From few to many: the networking impact of WFH
By Daniel Polomka, Regional Sales Manager ANZ
Friday, 10 September, 2021
With much of the country in lockdown, the realisation that life and work will continue to differ from 'normal' has settled in. As a result, many Australian businesses are reprioritising and looking at more permanent changes to how and where employees work.
While the concept of remote work is not new, it was previously a perk that some employers provided to their staff. For many years, the standard work from home approach was to install a remote access client or VPN on everyone's PC or laptop. However, the sheer number of employees that need to access corporate networks quickly outpaced the capacity of most IT teams and their VPN infrastructure. Employees and corporations turned to unsecured home Wi-Fi access to allow employees immediate access to corporate applications and networks they needed to do their job.
Now that a 'hybrid' work model is likely to become a mainstay in many organisations, IT teams are scrambling to deal with how to protect their corporate resources from security flaws that exist on home networks. Moreover, home networks don't give employees the dedicated connection they need to isolate work assets from the household network.
IT leaders need to find a sustained, cost-effective way to connect, secure and manage a much more dispersed network. In essence, businesses must find a way to deliver an office experience from a performance and security perspective to many employees working from home at least part of the time.
From a few to hundreds of 'office' networks
An enterprise-grade network is very different from the average home internet and Wi-Fi network. Today's home network has many shared devices and bandwidth-hungry applications across multiple household users and devices, such as TV streaming, PCs, tablets, phones, IoT devices (think smart home) and security cameras. The problem is more challenging with kids involved in remote learning and online gaming, spouses trying to access their work applications and the constant presence of work and personal web video calls all competing for finite capacity, and stepping on each other.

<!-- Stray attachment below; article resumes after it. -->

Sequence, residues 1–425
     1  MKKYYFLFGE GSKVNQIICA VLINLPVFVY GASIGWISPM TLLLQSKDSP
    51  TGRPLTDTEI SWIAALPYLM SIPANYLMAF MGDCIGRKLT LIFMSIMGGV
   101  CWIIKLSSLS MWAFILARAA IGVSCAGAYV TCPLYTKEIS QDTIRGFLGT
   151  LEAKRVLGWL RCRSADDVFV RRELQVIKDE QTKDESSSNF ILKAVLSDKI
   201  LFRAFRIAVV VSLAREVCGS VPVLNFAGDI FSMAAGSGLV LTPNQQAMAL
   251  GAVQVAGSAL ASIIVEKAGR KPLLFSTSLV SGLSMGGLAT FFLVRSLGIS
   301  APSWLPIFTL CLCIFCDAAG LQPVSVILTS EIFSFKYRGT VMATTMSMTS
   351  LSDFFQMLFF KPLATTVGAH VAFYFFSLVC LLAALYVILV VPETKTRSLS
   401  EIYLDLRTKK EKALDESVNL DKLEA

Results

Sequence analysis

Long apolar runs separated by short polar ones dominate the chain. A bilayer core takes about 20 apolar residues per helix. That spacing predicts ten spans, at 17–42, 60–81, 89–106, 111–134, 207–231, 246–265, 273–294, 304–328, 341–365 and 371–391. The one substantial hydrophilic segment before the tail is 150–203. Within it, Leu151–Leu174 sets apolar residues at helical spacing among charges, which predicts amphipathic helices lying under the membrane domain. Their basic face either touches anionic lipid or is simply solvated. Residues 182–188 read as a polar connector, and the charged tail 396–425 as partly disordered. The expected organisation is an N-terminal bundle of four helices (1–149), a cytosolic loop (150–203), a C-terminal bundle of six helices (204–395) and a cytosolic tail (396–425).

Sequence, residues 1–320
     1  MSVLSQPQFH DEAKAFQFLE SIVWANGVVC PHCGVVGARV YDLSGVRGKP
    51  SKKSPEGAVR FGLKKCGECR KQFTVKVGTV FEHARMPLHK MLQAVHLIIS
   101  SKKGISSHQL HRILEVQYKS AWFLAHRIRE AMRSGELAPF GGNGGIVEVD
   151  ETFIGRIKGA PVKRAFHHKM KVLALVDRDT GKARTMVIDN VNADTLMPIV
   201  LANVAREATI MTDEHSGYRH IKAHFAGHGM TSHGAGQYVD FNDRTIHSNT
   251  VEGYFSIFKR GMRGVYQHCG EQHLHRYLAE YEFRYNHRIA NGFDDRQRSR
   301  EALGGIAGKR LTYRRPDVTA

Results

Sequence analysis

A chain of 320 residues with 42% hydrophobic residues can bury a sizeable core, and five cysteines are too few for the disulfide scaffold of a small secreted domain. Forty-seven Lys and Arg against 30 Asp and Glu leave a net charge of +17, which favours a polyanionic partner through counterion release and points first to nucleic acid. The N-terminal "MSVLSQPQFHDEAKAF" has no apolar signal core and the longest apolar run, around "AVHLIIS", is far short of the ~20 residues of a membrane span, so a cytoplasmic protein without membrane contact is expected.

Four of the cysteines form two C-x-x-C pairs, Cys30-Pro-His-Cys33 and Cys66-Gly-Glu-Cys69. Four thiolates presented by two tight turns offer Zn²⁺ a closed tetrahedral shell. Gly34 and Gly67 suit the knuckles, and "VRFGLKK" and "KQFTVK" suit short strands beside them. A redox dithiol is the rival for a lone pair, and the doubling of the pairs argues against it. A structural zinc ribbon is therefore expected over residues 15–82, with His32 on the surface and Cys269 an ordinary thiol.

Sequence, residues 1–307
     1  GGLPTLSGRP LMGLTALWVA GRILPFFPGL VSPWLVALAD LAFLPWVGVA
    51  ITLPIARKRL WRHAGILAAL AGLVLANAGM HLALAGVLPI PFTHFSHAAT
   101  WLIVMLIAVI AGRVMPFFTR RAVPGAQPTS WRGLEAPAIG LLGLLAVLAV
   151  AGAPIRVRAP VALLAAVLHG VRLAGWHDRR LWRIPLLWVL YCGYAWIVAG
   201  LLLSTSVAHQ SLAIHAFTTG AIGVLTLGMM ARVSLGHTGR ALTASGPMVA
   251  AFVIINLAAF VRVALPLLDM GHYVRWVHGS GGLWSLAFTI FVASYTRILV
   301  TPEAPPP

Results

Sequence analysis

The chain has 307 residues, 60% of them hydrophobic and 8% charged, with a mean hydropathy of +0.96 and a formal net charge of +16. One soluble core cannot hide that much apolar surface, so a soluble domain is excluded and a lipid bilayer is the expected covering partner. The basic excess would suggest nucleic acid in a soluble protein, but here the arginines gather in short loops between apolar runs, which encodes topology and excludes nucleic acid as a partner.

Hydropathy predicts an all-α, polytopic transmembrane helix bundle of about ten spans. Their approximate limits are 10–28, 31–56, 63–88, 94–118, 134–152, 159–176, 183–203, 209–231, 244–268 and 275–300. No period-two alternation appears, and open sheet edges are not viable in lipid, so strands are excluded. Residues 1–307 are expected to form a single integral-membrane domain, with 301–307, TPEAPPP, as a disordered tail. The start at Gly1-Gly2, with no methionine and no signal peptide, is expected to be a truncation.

Extending the enterprise WAN to each employee's home is a deployment, security and management challenge for the IT teams already stretched thin. Imagine going from a few big offices with hundreds of workers to supporting hundreds of workers with individual home offices.
With the new corporate WAN edge now at every employee's home, IT becomes responsible for ensuring the uptime, performance and security of business applications on shared home networks they can't see or control. This massive expansion of the WAN edge also represents an expansion of the 'attack surface' of the network, creating more real estate that has to be surveilled and protected.
Enabling an IT-controlled remote work environment
The key to enabling managed, secure and performant networks for remote workers is deploying an IT-controlled router with dedicated wireless LAN and WAN environments. By isolating the employee's home and work networks, IT can provide an office-like experience at scale. Moreover, leveraging 'corporate-owned' 4G and 5G cellular connections offers universal and reliable Wireless WAN connection to every employee's home regardless of their local home internet provider. This corporate-driven approach simplifies procurement and enables zero-touch deployments and more IT control of uptime, performance and security.
Corporate owned or controlled laptops, VoIP phones, printers and other work devices can run on a separate and secure Wi-Fi network from other household devices and utilise reliable, high-speed 4G and 5G cellular connections that are dedicated to work and not shared with competing household traffic. With control of the WAN, IT can now define the right security posture to include direct internet or VPN access.
For traffic bound to the internet, the local cellular router can provide firewall, IPS/IDS and web filtering security services to secure access to cloud-based applications like Zoom or Microsoft 365. Additionally, interoperable IPSEC or DMVPN connections can be configured over the cellular WAN to securely transport traffic destined to behind-the-firewall business applications or to support centralised security services in the data centre. Either way, IT is in control and able to monitor the security posture of hundreds, even thousands, of remote work environments from a centralised, cloud-based pane of glass.
Making IT work for your business with wireless WAN
As organisations grapple with the long-term effects of remote work, they cannot afford to step backwards when it comes to the security, performance or uptime of critical remote workers. Moreover, substantially increasing the cost of supporting remote workers, by commingling their work and home networks and traffic, is not sustainable. The best way to provide an in-office experience to employees working from home, and to control IT costs, is by providing a dedicated remote work network environment based on IT-procured and -provisioned routers with 4G/5G Wireless WAN technology.
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